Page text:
- When the Olympics started, perhaps because I now have so many international connections on Facebook, I felt how the entire planet had come together to play games together; not to shoot, not to kill or to maim (well, not intentionally), but to ride horses and bicycles, run and jump, and to throw, hit, and kick balls at and past each other. Imagine, the entire human race uniting on this one endeavour. But then of course my happy little bubble burst, and I thought of those who were focused on more immediate concerns – worrying about how they are going to feed themselves and their families, or get clean water, or combat deadly disease, or avoid the civil wars that rage around them. And while all these people are going through these horrors, we’re playing indulgent games. And as much as I love the Olympics, it made me feel slightly sick. Why can’t we unite like this in an endeavour (any endeavour) that actually matters? And then I feel sick again. And I know none of these questions are insightful or original. So why haven’t we solved them yet?
- Or perhaps I am missing the point. After all, we do come together, united, to play games by specific rules (ignoring the drug problems). We see people who compete one moment, and hug the next. We see people striving to be the best they can be. We see fierce rivals reaching out a helping hand to an injured competitor. We see humility in victory and dignity in defeat. And that has to be good, surely? It doesn’t solve world peace. But perhaps it gives us hope?
- The nationalism the Olympics generates makes me uncomfortable. I know pride in where you live is quite normal. We want to feel good about our lives, after all. I’m as guilty as the next person of supporting my fellow countrymen and women in their atheltic efforts, in cheering on the black jersey, and of relishing our victories. But I feel less guilty about it because we are so insignificant. We’re only going to win a few medals. We’ve exceeded expectations by winning 13 medals at these Olympics, five of them gold. The US or China win that many in an evening in the pool, or Team GB in an evening on the cycle track. So NZ’s patriotism is small, proud, but humble. We take time to cheer on other countries. We throw aside our patriotism, and just revel in the magnificent athletic achievements of the competitors. I’m a weeper, so have found myself in tears watching victories from all sorts of countries, even Australia! I feel proud for underdogs, and for people who achieve against odds, or who perform personal bests, regardless of where they place. I love seeing athletes from small countries pop up on the world stage. (Bahamas relay team vs the US, for example. Talk about David and Goliath.) But what I dislike is seeing a nationalism emerge that is not humble, a nationalism that turns into gloating and arrogance. Some countries are more prone to this than others.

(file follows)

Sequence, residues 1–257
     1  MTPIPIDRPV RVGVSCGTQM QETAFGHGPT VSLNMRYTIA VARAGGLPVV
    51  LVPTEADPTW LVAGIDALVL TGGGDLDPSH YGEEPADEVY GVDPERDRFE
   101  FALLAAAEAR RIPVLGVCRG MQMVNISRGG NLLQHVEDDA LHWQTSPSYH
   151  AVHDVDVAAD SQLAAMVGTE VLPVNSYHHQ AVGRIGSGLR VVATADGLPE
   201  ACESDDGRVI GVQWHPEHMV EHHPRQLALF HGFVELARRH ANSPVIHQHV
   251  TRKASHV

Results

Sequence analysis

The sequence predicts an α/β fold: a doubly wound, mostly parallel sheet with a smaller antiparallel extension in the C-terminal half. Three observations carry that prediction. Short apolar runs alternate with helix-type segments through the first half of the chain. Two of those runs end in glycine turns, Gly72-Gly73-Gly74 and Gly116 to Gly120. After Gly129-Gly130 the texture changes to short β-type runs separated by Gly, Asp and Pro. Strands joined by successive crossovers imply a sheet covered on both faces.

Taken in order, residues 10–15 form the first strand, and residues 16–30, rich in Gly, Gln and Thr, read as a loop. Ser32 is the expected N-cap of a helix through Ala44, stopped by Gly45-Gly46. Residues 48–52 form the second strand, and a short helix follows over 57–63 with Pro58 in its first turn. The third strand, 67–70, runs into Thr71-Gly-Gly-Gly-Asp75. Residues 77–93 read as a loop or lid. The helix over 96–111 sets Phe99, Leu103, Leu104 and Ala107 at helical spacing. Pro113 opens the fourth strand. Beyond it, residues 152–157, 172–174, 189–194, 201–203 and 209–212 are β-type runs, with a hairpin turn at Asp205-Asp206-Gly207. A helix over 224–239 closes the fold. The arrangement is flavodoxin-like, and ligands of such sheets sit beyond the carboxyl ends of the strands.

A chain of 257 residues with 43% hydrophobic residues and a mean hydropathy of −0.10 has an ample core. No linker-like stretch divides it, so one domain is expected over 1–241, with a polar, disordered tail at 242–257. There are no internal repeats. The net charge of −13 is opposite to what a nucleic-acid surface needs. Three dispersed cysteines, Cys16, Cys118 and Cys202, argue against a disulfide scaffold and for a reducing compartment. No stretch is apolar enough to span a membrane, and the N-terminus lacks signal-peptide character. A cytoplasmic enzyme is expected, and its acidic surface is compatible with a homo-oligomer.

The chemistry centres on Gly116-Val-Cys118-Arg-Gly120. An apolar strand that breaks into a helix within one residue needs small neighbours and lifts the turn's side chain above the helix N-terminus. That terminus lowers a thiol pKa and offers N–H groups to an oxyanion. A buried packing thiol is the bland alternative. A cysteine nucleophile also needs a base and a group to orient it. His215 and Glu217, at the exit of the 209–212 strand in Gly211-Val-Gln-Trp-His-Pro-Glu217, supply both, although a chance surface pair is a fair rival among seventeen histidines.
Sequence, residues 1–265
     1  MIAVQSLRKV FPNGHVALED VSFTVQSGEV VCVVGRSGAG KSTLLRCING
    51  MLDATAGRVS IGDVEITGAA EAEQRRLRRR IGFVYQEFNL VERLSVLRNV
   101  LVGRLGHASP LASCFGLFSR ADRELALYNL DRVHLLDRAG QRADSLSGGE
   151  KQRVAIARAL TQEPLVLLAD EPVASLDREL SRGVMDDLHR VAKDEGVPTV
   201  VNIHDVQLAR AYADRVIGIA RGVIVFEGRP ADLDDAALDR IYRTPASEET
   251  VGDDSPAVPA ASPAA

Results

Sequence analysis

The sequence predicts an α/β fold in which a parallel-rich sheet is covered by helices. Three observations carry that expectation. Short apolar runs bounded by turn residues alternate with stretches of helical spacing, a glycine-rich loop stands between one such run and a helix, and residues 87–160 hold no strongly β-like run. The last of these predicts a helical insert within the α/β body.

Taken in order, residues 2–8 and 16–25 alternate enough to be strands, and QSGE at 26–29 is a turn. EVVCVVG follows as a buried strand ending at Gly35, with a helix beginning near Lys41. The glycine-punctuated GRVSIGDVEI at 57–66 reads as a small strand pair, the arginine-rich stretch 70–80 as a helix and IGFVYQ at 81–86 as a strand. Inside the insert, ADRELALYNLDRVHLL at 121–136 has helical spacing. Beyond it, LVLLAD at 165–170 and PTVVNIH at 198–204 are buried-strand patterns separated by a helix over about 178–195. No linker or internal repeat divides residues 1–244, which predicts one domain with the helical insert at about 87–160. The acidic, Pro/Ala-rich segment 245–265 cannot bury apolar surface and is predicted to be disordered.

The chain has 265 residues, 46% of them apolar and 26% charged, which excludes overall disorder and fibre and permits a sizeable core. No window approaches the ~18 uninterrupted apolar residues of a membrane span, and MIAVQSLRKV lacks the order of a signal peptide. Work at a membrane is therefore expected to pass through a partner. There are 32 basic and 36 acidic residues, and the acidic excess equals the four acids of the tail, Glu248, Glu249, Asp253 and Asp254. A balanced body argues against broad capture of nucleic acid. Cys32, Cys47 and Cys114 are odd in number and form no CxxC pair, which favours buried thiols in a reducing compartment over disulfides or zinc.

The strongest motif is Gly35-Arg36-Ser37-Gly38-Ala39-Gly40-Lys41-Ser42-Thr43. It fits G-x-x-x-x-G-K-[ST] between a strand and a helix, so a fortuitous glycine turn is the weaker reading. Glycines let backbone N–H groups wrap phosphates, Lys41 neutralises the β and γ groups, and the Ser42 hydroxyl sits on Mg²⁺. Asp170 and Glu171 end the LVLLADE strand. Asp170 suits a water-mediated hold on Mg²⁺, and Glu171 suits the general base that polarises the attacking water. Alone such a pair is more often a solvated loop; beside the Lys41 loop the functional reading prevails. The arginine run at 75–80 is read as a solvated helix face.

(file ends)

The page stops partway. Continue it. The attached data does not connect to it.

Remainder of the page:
- I feel for those who compete and don’t win a medal. I hate that there’s a view that you don’t win silver, you lose gold. No, some people win silver. Some win bronze, and some win just in their minds and hearts, or the minds and hearts of their supporters. And I love that. I watched the Triathlon the other night. 55 competitors, and only three medals. Still, at least they got to swim, bike and run for 2 hours. I then watched a guy break on his start in the 200 metre heats. He was disqualified. His games were over before he started. How awful that must feel. Or the Chinese hurdler who didn’t get over the first hurdle. I feel for them. Imagine spending four years (or many more) of intense training and sacrifice and focus only to be eliminated before you took a step. Imagine spending four years (or more) of intense training and sacrifice and focus going to the Olympics and KNOWING that you won’t get beyond the heats. What mindset does it take to do that?
Other, shallower, thoughts include:
- Damn, there are some good-looking men in London this summer.
- London is very pretty in summer.
- I can name the host cities back to 1956, and a few more (London ’48, Berlin ’36, Paris ’24). I think I qualify as an Olympics nerd.
- Even if I could compete in the Olympics today, I know I wouldn’t be in the lightweight sculls. Sigh.
- What must it feel like to have 85,000 people cheering for you as you are introduced, or run up to the long jump, or win your race, or get your medal? Your heart must just want to jump out of your chest and do a dance.
- Why is it that some sports hand out medals like candy (gymnastics) and others as if the medals are (perhaps rightly) gold. I mean, the sheer number up for grabs in gymnastics is ridiculous. And yet the poor sailors have to compete in about 15 races for one event. Usain Bolt can win four medals for running fast, a total of about 60 seconds. So I think that in the triathlon, a medal should be given for the winner of each leg. Similarly in the equestrian eventing. Rowing could copy the swimmers and track athletes, and have a sprint, middle and long distance, and hey, why not, a relay too. (I’ve just increased our medal tally fourfold!)
- Men in spandex. Never really a good look.
Our five golds have turned into six, after Valerie Adams, the defending Olympic women’s shot put champion, has been pronounced the gold medal winner, after the first place getter has tested positive for drugs, and been stripped of her title and her medal. Yay, Valerie. Boo, cheats.